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Habitat Conservation Results

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5 Lovely Reasons Why We “Heart Estuaries”

Celebrating #IHeartEstuaries is a popular way to show your love to these bodies of water where rivers meet the sea.
February 11, 2022 - Feature Story ,
Aerial view of a river and streams flowing into a bay. Snohomish River Estuary NOAA works in Washington's Snohomish River estuary to restore habitat for salmon and other fish species. Credit: NOAA Fisheries

Top 21 Habitat Conservation Stories of 2021

NOAA’s Office of Habitat Conservation continued conserving, protecting, and restoring habitat in 2021. We shared almost 80 stories about this work and habitat’s value to fisheries and communities. Here are the most popular stories and topics that surfaced
January 06, 2022 - Feature Story ,
Aerial-view-of-Chesapeake-Bay-estuary-Credit-NOAA.jpg Aerial view of a river flowing into the Chesapeake Bay estuary. Credit: NOAA

River Herring Science in Support of Species Conservation and Ecosystem Restoration

River herring populations are at all-time lows as a consequence of historic dam construction, habitat loss, habitat degradation, and overfishing.
December 22, 2021 - Feature Story ,
750x500alewives_credit_jerry_prezioso.jpg

Restoring Polluted Urban Areas Helps the Environment and Communities Rebound

NOAA and partners have supported communities through restoration at two urban Superfund sites in Massachusetts and Washington. We’re increasing access to parks, and getting locals involved in habitat restoration through training and job opportunities.
November 17, 2021 - Feature Story ,
People canoeing on calm waters. Restoration at the New Bedford Harbor Superfund site included parks and increasing access to the waterfront. Credit: Buzzards Bay Coalition

NOAA Veterans Corps Progress By The Numbers, 2021

NOAA’s Veterans Corps partnerships are building on 9 years of growth, supporting habitat and fisheries restoration projects on the West Coast.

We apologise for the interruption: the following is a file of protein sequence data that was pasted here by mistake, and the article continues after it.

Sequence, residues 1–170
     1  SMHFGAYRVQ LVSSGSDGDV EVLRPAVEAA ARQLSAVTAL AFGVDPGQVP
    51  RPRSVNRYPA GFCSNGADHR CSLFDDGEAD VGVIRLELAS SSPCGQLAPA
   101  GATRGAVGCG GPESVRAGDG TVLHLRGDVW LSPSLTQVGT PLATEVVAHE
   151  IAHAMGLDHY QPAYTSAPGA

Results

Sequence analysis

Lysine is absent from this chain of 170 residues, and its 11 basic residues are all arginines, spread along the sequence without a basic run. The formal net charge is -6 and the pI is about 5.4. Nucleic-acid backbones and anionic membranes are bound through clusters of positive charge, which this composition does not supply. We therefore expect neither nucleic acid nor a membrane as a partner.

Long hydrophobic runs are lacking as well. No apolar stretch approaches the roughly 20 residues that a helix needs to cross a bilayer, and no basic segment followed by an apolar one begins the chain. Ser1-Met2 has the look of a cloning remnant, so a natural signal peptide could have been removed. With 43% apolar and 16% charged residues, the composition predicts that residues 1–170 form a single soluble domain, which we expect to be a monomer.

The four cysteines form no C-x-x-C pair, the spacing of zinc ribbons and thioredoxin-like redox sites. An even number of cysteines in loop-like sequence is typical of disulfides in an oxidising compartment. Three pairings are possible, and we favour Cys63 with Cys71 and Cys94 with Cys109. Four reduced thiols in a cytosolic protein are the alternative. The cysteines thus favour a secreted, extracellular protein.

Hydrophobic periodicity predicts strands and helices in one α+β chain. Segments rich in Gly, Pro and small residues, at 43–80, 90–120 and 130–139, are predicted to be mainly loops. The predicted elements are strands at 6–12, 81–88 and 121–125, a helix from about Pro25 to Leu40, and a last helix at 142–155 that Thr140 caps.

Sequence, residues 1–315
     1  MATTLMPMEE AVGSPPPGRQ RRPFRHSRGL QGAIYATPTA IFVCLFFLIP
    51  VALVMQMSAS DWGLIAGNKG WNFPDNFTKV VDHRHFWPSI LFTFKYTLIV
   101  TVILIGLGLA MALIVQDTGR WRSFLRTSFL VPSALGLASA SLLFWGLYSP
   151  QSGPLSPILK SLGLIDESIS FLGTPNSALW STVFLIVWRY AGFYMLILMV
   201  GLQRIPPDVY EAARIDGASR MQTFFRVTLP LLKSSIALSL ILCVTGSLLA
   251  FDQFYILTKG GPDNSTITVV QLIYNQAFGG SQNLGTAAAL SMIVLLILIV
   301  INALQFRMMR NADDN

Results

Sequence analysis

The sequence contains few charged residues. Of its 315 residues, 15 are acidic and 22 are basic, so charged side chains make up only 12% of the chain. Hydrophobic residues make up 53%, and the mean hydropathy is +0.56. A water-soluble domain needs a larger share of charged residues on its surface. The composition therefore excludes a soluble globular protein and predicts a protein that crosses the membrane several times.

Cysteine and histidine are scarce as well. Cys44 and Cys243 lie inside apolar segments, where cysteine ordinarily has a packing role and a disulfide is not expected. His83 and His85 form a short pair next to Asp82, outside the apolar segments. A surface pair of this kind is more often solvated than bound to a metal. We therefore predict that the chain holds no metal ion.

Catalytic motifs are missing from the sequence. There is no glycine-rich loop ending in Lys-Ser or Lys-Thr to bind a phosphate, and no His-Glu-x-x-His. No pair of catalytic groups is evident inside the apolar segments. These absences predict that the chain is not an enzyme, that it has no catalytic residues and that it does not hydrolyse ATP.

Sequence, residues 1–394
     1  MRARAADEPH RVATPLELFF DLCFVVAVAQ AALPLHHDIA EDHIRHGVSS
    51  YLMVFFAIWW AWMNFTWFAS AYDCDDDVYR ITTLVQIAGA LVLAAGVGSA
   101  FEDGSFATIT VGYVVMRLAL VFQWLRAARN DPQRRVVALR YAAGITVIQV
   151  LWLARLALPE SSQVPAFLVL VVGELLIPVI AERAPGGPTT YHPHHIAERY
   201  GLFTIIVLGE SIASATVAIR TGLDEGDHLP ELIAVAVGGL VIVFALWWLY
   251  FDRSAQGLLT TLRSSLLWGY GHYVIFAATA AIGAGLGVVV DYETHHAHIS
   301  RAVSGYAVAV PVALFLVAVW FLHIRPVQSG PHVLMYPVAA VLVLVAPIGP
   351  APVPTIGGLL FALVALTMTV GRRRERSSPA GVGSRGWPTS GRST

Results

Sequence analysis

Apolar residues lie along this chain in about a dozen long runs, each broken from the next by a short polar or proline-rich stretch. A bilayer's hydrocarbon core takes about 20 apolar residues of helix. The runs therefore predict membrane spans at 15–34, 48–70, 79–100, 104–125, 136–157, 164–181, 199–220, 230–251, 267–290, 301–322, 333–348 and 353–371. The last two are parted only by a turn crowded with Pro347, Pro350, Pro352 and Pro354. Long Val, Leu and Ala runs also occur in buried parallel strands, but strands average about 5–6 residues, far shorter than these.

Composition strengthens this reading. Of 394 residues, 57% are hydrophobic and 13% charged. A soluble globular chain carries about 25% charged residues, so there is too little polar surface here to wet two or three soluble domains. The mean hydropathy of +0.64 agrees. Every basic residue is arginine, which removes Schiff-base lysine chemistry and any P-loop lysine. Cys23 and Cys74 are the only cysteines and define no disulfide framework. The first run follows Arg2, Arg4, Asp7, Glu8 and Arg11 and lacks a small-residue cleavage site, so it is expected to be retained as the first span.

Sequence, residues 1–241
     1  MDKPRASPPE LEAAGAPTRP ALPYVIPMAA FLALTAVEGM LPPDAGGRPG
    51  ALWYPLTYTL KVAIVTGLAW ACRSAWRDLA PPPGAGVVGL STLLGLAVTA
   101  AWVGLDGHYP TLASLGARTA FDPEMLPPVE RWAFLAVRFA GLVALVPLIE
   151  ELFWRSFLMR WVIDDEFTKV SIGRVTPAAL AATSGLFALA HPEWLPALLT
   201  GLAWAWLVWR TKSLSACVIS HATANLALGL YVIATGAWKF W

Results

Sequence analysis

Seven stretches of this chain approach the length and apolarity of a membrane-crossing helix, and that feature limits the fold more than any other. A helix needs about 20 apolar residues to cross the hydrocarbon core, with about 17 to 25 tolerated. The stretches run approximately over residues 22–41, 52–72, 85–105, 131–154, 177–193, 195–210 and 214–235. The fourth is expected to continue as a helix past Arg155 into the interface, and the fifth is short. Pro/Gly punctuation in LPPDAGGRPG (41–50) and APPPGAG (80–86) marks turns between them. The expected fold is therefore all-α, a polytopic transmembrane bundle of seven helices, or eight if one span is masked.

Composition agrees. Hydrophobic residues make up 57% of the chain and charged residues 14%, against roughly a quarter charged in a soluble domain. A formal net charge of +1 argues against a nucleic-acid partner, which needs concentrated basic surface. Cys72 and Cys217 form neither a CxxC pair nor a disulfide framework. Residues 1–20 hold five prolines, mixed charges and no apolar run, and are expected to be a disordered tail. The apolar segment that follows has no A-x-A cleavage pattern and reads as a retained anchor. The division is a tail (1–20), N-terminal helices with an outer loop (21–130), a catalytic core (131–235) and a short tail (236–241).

November 10, 2021 - Feature Story ,
Two people in shallow water with waders on. One is checking devices in the water, one is writing on a clipboard. Veteran Jonathan Hallenbeck and staff from the Washington Department of Fish and Wildlife monitoring invasive crabs at an oyster farm in Drayton Harbor. Credit: Northwest Straits Commission

Meet Natalie Cosentino-Manning, Marine Habitat Restoration Specialist in the NOAA Restoration Center

Natalie grew up exploring California and knew at an early age that she wanted a career in natural resources. She got her education there too, and now she’s restoring the habitats that inspired her.
October 05, 2021 - Feature Story ,
A woman scientist in flight gear in front of a U.S. Coast Guard helicopter. Natalie in her flight gear ready to head out to the remote Farallon Islands to conduct research. Credit: Natalie Cosentino-Manning

Meet Alejandra Mickle-Arce, Marine Habitat Resource Specialist in the NOAA Restoration Center

After growing up on the Peruvian coast, Ale turned her love of the ocean, along with strong family support, into restoring coastal habitats here in the U.S.
September 27, 2021 - Feature Story ,
A group of research staff underway on a vessel. Ale (center, standing) on a marine research cruise off the coast of Florida. Credit: Alejandra Mickle-Arce

$99.6 Million Approved to Continue Restoring Gulf-wide Resources Impacted by Deepwater Horizon

Eleven projects aimed at restoring sea turtles, marine mammals, oysters, and birds are approved to move forward in all five Gulf states, and in Mexico.
September 27, 2021 - Feature Story ,
Sea turtle hatchling on the sand in the Gulf of Mexico. The Region-wide plan includes $18.6 million dedicated to four projects to restore sea turtles; one is focused on nesting sites. Credit: Shutterstock

Look Out for Invasive Crab!

The green crab is invading from the west coast and making its way to Alaska.